Not so far in the future. Maybe just up to Mardi Gras parade time. Anything more would be wasted because as a not-so-wise boxer once said, “You can make all the plans that you want, but once you get punched in the face all the plans go out the window.” That’ll happen with Mardi Gras plans as well. The minute the season starts, everything will change. I have to be on the scene to understand the plans.
My biggest question is do I shoot what I’ve done for the last seven years and work the start of the parade? Or, should I do something different? What that is, I’m not sure yet. Hopefully, it’ll come to me in a dream, or in the shower.
There is also the yearly question of scheduling a number of events. They need to fit somewhat neatly together. Once I’ve got that clear in my mind and on paper I can fit the rest “stuff” into the year.
That’s another thing.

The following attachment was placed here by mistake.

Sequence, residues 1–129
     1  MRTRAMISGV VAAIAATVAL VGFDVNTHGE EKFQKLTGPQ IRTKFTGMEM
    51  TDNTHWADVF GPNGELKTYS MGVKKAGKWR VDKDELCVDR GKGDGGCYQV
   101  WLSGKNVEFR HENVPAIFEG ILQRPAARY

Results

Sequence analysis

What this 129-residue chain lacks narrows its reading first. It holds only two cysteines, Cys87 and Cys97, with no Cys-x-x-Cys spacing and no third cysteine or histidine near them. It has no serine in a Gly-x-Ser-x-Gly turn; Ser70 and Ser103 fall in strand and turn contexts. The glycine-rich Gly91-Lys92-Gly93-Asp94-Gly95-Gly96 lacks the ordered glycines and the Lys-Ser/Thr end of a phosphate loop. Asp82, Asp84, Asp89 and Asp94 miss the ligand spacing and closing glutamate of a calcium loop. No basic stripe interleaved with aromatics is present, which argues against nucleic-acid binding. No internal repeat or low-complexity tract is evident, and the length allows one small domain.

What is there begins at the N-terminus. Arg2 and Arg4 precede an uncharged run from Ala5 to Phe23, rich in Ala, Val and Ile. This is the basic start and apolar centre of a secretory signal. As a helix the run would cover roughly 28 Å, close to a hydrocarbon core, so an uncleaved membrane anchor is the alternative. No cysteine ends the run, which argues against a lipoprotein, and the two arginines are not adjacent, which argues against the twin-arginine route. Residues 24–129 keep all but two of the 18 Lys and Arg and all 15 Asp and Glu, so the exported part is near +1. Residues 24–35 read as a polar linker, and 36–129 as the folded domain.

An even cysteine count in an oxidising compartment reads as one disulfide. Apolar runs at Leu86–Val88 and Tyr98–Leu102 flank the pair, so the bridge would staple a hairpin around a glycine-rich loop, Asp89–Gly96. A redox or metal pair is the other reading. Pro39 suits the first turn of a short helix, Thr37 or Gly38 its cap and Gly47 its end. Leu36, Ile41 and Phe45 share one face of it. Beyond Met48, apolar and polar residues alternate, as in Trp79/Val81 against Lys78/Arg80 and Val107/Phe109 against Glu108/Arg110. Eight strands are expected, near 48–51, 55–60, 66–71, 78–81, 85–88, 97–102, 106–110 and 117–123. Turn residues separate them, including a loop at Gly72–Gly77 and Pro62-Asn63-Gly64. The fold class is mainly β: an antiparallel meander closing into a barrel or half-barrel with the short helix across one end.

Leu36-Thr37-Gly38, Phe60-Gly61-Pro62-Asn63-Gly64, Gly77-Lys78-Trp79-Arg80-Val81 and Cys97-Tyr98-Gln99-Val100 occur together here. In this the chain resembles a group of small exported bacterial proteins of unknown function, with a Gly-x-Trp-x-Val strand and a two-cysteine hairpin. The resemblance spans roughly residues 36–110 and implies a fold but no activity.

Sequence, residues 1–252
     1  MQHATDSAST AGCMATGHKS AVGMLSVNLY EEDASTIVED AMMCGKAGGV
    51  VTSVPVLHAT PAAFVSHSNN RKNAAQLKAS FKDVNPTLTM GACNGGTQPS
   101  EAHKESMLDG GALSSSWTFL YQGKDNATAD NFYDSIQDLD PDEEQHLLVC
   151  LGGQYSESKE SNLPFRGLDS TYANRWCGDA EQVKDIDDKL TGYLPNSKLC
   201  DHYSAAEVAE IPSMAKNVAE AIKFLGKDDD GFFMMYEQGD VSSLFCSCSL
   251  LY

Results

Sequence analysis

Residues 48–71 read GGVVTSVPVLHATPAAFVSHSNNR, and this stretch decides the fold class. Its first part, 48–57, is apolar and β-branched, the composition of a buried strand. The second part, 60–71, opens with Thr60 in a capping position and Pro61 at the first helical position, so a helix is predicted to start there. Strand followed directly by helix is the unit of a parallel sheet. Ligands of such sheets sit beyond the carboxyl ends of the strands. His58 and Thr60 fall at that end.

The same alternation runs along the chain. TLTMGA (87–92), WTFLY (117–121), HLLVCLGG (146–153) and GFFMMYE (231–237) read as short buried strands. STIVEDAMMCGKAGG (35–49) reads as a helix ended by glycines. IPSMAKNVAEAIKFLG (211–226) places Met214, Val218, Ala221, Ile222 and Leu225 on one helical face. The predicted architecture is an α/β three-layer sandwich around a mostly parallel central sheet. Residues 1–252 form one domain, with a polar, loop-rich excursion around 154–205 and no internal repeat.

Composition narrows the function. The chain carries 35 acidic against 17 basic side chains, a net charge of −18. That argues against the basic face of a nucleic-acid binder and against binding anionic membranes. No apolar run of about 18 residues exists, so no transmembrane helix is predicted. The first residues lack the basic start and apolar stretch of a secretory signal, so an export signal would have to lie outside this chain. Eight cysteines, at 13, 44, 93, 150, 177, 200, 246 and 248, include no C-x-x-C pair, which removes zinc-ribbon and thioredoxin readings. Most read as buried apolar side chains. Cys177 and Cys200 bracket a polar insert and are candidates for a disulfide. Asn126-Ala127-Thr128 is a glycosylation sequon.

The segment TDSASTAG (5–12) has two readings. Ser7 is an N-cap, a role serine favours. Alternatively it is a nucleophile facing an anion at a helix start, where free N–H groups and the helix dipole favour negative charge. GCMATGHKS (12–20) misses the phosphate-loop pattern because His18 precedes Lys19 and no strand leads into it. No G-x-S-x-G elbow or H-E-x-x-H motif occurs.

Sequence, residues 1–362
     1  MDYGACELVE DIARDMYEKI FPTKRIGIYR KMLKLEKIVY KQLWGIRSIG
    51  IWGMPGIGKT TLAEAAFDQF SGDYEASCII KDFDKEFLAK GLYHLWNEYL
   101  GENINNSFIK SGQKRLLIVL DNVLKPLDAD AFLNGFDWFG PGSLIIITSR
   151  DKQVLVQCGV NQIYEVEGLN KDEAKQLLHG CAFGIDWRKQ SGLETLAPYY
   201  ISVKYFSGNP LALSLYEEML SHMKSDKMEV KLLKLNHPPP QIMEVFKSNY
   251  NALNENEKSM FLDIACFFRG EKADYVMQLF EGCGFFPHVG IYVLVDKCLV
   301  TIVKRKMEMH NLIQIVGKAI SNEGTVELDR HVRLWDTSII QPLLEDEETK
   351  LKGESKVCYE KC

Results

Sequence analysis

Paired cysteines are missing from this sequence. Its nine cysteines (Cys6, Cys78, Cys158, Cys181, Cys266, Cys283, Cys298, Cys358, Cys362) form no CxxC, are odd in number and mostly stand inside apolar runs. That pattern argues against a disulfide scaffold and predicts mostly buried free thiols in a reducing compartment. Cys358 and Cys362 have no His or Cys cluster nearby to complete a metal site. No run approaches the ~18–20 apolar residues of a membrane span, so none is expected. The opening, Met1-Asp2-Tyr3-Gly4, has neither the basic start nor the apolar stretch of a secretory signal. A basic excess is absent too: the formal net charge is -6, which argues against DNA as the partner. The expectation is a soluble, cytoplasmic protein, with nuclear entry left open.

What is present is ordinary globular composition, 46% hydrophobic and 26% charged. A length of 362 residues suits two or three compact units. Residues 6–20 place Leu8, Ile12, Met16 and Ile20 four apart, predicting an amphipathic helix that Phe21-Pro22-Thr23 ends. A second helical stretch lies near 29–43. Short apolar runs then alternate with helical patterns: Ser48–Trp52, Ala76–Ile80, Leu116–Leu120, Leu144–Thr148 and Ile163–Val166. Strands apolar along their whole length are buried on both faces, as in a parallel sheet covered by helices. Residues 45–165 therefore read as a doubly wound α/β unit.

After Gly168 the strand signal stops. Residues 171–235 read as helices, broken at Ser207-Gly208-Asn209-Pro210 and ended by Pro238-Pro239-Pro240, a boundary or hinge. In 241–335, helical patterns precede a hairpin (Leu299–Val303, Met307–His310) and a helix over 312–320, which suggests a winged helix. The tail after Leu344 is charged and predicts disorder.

Although I do my scheduling on a digital calendar, I’m going back to paper for the details. It’s a better way to remember and it just feels better, which is like the debate between digital capture and film photography. They both have their place, but to me digital capture is like working on an assembly line in a factory. Film photography feels crafted and a little more artistic.
The picture. A very early Mardi Gras parade image. It was made on film and scanned much later. I forgot about it because somehow it was filed in the wrong archive. It was lost until I started digging. In those days I mostly worked with Fuji Velvia. Its ISO was 50. It really did better when you rated it at ISO 40. That’s slow. Very slow. That made working at night a challenge if you weren’t using strobes. I don’t use strobe at events like that because unless you hit the light dead on the picture looks way over lighted.
Instead, I would work for motion and ambient light. That allowed me to make pictures like this. The only sharp part of the image is part of a motorcycle wind screen is in the middle of the frame.
A picture like this one is impressionistic. That makes sense because of all the photographers who inspire me, painters inspire me more.
That’s the story.